|Eric Garner was choked to death by cops after he objected to being harassed by for the umpteenth time for|
selling loose cigarettes.
By Al Baker
A judge ruled on Thursday against releasing the evidence presented to the grand jury that decided not to indict a New York police officer in the chokehold death of Eric Garner.
Lawyers for the parties seeking the evidence had seized on a public push after the grand jury, as well as the one in the shooting death of Michael Brown in Ferguson, Mo., declined to bring criminal charges against the officers involved.
The prosecutor in the Brown case made public some of the information about the grand jury. But on Staten Island, Justice William E. Garnett of State Supreme Court decided against the request for public disclosure sought by the New York Civil Liberties Union; the city’s public advocate, Letitia James; the National Association for the Advancement of Colored People; and The New York Post.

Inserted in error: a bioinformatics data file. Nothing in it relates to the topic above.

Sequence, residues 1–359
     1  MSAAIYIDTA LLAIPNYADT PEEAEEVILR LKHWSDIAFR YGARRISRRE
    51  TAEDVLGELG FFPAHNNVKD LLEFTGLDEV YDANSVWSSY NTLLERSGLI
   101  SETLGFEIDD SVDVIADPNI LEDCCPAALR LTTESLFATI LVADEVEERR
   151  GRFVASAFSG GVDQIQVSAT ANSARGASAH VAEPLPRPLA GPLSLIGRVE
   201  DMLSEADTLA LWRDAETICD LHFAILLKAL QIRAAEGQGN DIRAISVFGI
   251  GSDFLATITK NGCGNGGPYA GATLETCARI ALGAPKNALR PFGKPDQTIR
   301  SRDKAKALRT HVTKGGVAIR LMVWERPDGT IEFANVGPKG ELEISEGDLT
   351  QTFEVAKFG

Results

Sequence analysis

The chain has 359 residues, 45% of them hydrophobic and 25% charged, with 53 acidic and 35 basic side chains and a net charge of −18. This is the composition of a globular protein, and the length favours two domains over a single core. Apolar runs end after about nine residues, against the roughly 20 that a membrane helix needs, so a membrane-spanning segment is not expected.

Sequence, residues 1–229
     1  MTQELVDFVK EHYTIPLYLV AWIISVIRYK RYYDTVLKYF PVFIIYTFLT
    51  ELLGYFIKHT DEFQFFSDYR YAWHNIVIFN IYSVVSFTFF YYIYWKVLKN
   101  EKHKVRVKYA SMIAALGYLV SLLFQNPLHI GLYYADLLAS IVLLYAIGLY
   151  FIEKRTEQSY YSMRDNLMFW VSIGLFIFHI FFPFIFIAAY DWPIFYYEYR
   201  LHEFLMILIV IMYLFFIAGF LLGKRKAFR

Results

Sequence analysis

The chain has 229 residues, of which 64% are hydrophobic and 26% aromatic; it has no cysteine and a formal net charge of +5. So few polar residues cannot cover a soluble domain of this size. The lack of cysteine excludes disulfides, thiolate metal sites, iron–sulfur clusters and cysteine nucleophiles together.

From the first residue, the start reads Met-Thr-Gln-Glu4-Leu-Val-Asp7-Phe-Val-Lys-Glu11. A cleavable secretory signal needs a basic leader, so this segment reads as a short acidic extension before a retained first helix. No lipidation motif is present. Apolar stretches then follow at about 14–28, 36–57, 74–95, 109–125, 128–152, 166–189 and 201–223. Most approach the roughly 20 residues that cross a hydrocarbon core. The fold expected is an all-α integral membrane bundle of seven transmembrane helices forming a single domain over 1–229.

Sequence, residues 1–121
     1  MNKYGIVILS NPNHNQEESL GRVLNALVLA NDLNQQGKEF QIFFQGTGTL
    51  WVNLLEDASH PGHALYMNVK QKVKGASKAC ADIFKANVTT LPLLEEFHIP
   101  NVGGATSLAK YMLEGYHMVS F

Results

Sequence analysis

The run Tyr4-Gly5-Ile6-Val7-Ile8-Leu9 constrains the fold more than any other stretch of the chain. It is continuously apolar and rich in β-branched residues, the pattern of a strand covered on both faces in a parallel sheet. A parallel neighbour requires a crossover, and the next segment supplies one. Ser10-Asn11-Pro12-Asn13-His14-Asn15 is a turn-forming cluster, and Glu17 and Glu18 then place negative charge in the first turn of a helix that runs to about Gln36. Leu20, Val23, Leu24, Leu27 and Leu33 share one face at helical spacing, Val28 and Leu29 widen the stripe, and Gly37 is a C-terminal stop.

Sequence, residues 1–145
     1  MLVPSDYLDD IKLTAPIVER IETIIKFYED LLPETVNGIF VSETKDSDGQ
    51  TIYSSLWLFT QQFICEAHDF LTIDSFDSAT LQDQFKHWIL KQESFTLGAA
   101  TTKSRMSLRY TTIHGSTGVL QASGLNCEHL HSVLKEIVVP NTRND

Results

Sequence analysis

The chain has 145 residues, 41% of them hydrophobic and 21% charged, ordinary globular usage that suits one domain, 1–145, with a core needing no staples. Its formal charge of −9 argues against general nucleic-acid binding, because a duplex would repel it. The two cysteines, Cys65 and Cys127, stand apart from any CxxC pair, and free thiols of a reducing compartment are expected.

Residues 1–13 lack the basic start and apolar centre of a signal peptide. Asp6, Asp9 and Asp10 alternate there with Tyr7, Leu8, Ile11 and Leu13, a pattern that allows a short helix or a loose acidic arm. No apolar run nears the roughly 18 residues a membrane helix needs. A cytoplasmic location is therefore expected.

Justice Garnett sided with the Staten Island district attorney, Daniel M. Donovan Jr., who has fought the release of grand jury materials, arguing such disclosure would have a “chilling effect” on witnesses.
Mr. Garner died on July 17 after a confrontation with the police, in which Officer Daniel Pantaleo put him in a chokehold as he and other officers tried to take him into custody on suspicion of selling loose, untaxed cigarettes. Mr. Garner was unarmed.
In a decision, Justice Garnett said the parties seeking disclosure had failed to establish a “compelling” need to make the grand jury minutes public.